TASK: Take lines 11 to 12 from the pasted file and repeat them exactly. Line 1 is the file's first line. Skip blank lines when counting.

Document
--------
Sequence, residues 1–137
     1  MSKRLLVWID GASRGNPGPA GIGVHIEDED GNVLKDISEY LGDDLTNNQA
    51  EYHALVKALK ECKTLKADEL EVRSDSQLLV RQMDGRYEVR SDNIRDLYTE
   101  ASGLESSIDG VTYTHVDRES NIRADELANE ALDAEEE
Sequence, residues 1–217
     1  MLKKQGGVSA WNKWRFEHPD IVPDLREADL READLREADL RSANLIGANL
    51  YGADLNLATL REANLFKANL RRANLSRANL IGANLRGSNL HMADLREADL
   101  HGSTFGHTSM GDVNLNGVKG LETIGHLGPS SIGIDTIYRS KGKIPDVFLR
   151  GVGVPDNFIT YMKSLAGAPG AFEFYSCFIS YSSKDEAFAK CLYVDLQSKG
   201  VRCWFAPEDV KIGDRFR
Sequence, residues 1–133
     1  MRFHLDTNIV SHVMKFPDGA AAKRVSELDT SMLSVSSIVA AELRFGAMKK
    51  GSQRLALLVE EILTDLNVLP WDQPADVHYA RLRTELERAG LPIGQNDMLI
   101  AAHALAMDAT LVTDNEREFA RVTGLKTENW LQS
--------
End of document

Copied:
Sequence, residues 1–133
     1  MRFHLDTNIV SHVMKFPDGA AAKRVSELDT SMLSVSSIVA AELRFGAMKK